a virtual patient currently programmed to replicate a truck driver,
is in poor health. He's sixty-one years old, overweight, drinks
too much, and exercises too little. And on this particular morning
in a treatment area at Duke Medical Center, he's about to suffer
a far more serious problem. With the click of a mouse, he's given
a tension pneumothorax—a punctured lung.
Lying on an operating-room table with a blue cloth shielding his
plastic privates from view, Stan begins breathing heavily and the
left side of his chest stops moving. His heart rate climbs, the
blood pressure and oxygen level in his blood decrease, and he becomes
short of breath. Before long, Jeffrey Taekman, a Duke anesthesiologist,
steps in to do something. "That's a controversy, whether you
should let someone kill the mannequin," says Taekman. "I
don't think anyone has killed Stan yet."
Stan's a sophisticated, computerized simulator designed to mimic
a real patient in a variety of scenarios. He's a hands-on teaching
tool at Duke Medical Center, where hightech touches include a $750,000
Human Simulation and Patient Safety Center that opened in April
and a student auditorium incorporating a dazzling array of technological
advances that are perhaps the most forward- thinking on campus.
At Duke's Fuqua School of Business on a recent morning, colleagues
look up at an eight-foot-wide video screen that's part of Fuqua's
Global Conference System. With the push of a button, another time
zone comes to life as technology links Fuqua staff to counterparts
in Frankfurt. "Guten tag," they say, and their life-size
images beam from the wall and their gaze meets at eye level, as
if seated inches across the table, rather than halfway around the
globe. The audio is so realistic you hear a car horn honking from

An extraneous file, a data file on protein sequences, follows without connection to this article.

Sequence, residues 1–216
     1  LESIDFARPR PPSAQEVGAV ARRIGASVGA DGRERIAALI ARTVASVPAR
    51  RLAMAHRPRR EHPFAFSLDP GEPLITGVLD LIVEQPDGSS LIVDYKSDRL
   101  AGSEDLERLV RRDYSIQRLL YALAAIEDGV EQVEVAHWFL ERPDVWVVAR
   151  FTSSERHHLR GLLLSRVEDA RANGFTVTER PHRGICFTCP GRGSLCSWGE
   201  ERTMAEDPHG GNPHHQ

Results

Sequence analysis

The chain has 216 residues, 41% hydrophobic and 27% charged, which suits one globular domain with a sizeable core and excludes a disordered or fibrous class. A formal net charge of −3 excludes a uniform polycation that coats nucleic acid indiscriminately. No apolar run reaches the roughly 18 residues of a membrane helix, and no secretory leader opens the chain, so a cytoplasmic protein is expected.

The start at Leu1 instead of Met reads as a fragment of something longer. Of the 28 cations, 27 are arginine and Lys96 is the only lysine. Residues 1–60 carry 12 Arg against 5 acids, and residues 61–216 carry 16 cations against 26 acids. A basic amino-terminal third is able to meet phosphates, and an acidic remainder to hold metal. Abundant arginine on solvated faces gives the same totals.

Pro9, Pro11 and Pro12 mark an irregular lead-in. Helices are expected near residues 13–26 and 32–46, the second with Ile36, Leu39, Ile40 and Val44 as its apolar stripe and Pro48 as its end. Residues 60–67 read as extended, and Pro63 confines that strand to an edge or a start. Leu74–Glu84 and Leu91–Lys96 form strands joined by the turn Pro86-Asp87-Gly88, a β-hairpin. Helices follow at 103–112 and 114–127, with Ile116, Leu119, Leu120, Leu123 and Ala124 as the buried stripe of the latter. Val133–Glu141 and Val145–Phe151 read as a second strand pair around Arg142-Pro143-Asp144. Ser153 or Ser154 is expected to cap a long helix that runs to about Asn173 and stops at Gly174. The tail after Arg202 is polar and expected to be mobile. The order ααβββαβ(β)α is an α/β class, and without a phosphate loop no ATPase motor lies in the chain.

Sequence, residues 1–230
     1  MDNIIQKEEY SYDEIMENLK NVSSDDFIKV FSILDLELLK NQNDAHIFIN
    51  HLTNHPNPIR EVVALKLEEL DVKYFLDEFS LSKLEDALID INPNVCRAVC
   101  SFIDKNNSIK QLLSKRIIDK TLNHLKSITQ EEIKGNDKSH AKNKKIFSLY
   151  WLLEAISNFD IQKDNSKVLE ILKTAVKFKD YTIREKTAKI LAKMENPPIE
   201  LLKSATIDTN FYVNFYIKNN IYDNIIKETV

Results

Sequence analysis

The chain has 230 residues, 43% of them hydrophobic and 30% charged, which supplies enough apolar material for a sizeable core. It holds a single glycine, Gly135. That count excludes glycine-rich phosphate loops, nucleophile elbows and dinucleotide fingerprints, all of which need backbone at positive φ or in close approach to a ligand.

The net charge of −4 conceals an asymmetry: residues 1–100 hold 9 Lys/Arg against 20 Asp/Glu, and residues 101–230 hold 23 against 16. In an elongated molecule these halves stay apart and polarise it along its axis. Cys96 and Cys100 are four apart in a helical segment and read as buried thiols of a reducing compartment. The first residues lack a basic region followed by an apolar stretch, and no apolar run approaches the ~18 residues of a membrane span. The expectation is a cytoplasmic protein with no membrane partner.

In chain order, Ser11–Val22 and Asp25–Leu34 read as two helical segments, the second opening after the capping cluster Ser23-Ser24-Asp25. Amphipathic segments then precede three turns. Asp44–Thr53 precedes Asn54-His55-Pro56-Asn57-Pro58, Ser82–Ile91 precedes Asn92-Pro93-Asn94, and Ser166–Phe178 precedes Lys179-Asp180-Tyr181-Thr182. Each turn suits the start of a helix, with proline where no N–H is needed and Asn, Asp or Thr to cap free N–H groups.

hidden speakers—in Deutschland or in Durham?
Meanwhile, at the law school on a recent afternoon, students aren't
studying contract law from oft-dry, three-inch-thick law tomes.
Instead, via computer laptops, they're immersing themselves, in
video and audio vignettes with discussions from nearly fifty high-profile
legal scholars, practitioners, and judges as part of a groundbreaking,
DVD-ROM multimedia teaching tool conceptualized at Duke.
All around the university system, the move to "smart"
classrooms is changing the way students learn and professors teach.
Internet access, including wireless applications, other technical
features such as patient simulators, SMART Board interactive whiteboards,
sophisticated Duke-produced webcasts and DVDs, "telepresence"—all
are just a sampling of a technology arsenal being deployed in recent
Duke Medical Center's training areas are full of heads and torsos,
arms and legs. In med-school lingo, the noncomputerized body parts
are known as "task trainers." But none match the sophistication
of Stan, a $170,000, computercontrolled, life-size mannequin and
control tower that exhibits symptoms and reacts to medicines and
interventions like an actual person.
The medical center bought the high-fidelity patient in February
2001 from Medical Education Technologies Inc. (METI) of Sarasota,
Florida. Housed in the Human Simulation and Patient Safety Center
in Duke South, Stan has three "parents": the medical school,
the nursing school, and the anesthesiology department. The Simulation
Center also houses a pediatric patient simulator, aptly named Baby
The adult Stan—one of about twenty-five METI simulators
in existence—is powered by a Mac G4 hooked up to a Linux computer
controller and is run largely by pneumatics and electronics. His
output is vital signs, including body temperature, pulse, and cardiovascular
and pulmonary parameters. His pupils dilate and his vocal cords
can constrict to impede attempts at inserting breathing tubes. He
routinely suffers cardiac arrest, drug interactions, anaphylactic
shock, and more complex conditions. A fluid system allows him to
urinate and to give students the opportunity to tap chest fluids.
Stan's eerie sounds give a sci-fi feel to a room when his breathing
and heartbeat play through hidden speakers.
Taekman, who directs the center and is also assistant dean for
educational technology and an assistant professor of anesthesiology
at the medical school, says the simulator is an important technological
teaching advancement. Not only does it help promote real-life hospital
dynamics and teamwork, but it also reduces the need for students
to do laboratory work with live animals. "The simulator is
good for what-if scenarios," Taekman says. "There's a